September 7: “The result of planting apple seeds is a series of trees whose fruit is unpredictable.”

May 30: “The pretzel is said to have been invented almost fourteen hundred years ago in a monastery in southern France where a monk frugally twisted leftover scraps of dough into a shape like that of arms folded in prayer, with the three openings representing the Trinity.”

I tried to flip past the introduction, where James and Kay explain their fabulous lives to the reader. My life was not fabulous when reading it; I couldn’t envision a future anymore where it might be; and any description of their happy, cozy life together threatened to force me back into bed, my only nutrient coming from the milk in my overly strong tea. I had been wearing the same sweater for god knows how long, and I did not want to have to envision a dinner party with Alice Waters. I also had to skip over certain days, like January 26’s account of dinner at Jason Epstein’s house, October 8’s ode to the Salters’ first trip to France together, May 23’s journey using the Michelin guide to find dinner. I’d quickly turn the page, envy creeping around my skull, trying to find a fact to tamp it down. “The Emperor Vitellius spent more than the equivalent of ten million dollars on his table during his brief reign of less than a year and is said to have habitually eaten a hundred dozen oysters at a sitting.” Yes, there we are.

Eventually I did not have to turn the page. Because the pot roast didn’t just save my life, it allowed me to remember the fraternity of eating and pulled me out of the self-indulgence that loneliness often is. There were many dinners alone in my past, yes: a beautifully rare steak presented with a fried egg on top in Buenos Aires, eaten three days after being dumped. A cheese course with black walnuts in West Ireland, so alone I was the only one in the off-season restaurant. But there were also those sustaining nights. I could think back into my past, in carefully chosen regions, without the outpouring of pain. Dinner at Schwa with Honeybee, laughing while trying to coax her to eat the sweetbreads. Meatloaf in Jessica’s living room. Tables full of friends in my various homes, where any culinary missteps on my part are smoothed over with wine and conversation. My homes have never been snug, warm bungalows in the mountains, but they have been warmed with long roasting ovens and plenty of bodies. Despite the endless gloom the Berlin winter promised to bring me for the next four months, I could trust my apartment here would be warmed in the same way again.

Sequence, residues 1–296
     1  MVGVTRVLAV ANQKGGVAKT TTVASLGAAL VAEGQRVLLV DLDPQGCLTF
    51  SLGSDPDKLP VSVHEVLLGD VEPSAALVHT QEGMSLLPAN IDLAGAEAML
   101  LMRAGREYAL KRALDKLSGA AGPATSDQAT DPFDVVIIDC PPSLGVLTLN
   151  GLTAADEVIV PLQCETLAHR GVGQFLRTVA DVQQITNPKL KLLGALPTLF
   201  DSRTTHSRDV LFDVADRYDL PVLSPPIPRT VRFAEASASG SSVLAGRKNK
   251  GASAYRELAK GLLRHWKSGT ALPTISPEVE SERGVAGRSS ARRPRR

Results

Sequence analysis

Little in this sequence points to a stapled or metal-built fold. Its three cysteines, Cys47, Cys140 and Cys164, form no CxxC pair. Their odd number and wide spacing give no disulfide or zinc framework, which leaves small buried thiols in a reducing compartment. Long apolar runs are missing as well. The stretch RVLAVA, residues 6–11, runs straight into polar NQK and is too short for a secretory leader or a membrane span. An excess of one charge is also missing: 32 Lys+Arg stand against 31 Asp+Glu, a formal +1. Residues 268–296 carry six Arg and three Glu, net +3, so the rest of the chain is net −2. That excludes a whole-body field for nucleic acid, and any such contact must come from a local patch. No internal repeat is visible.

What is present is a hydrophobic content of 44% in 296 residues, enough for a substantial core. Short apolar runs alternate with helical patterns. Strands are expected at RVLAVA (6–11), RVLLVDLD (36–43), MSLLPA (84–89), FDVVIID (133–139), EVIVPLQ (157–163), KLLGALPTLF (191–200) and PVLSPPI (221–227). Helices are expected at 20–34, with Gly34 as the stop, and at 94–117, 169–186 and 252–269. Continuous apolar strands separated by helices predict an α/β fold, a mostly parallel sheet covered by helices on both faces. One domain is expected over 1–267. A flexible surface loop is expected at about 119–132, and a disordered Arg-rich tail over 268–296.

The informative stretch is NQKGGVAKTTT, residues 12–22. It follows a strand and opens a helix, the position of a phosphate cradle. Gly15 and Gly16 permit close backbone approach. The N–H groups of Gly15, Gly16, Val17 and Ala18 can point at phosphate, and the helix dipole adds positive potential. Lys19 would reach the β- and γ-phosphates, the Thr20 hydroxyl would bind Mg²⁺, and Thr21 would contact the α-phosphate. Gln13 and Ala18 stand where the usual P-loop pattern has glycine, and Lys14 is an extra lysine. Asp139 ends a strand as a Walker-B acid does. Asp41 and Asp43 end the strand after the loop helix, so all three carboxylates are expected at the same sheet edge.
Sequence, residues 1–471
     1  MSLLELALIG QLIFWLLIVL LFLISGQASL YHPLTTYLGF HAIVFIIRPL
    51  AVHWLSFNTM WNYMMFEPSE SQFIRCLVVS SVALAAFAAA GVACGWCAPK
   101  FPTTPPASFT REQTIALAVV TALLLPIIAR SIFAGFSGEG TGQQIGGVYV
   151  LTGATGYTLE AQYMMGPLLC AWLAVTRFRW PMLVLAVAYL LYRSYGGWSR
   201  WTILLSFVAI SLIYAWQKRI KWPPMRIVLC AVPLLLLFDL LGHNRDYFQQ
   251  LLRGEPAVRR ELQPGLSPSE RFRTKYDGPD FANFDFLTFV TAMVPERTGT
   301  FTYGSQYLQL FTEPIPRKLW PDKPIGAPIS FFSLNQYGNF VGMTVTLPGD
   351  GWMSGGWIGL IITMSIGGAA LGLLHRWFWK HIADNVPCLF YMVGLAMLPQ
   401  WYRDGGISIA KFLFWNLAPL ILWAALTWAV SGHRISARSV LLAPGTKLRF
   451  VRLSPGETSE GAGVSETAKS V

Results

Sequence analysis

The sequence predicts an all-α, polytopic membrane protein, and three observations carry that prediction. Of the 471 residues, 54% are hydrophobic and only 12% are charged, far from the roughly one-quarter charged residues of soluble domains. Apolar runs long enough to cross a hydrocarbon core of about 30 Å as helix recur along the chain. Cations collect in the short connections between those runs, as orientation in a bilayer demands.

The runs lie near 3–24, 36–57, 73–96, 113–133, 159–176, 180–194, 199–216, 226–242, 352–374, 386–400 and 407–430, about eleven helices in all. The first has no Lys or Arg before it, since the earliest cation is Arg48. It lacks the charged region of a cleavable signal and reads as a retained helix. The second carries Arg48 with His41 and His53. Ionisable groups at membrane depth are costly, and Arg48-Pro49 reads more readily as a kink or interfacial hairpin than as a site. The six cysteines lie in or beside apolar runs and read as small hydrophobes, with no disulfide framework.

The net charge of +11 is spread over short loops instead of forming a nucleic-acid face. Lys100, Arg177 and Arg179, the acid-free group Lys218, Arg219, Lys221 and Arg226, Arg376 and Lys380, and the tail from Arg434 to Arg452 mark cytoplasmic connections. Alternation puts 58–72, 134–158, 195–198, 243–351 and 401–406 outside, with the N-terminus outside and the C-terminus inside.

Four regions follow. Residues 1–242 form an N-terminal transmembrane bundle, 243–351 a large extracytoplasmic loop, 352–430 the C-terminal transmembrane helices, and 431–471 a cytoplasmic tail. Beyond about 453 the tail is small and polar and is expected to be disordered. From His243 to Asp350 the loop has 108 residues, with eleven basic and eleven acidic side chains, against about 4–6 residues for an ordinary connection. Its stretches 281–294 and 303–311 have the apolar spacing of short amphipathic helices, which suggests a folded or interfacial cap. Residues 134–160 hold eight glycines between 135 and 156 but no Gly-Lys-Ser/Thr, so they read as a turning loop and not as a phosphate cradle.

On February 13, the Salters quote from The Importance of Being Earnest: “When I am in trouble, eating is the only thing that consoles me. Indeed, when I am in really great trouble, as anyone who knows me intimately will tell you, I refuse everything except food and drink. At the present moment I am eating muffins because I am unhappy. Besides, I am particularly fond of muffins.”

I do not eat muffins when I am unhappy; I eat meat. I pulled on my shoes when I could think far enough into the future to at least picture dinner and went to the butcher to buy two and a half pounds of oxtail. I braised them for four hours in crushed tomatoes and Guinness, and whipped up mashed potatoes with heavy cream and scallions. They were eaten with a friend that first night, but the next morning I stumbled to the fridge, pulled out the oxtails, and started pulling the meat off the bones with my fingers. I chewed silently and watched the crows in my courtyard. September 30 tells me that “You can eat alone, which is a little depressing…” But for the first time in a long time, it wasn’t. I made this. I was sustaining my own life. I had hope that in the future, while horrible things will certainly happen again, fabulous things will, too. • 17 November 2010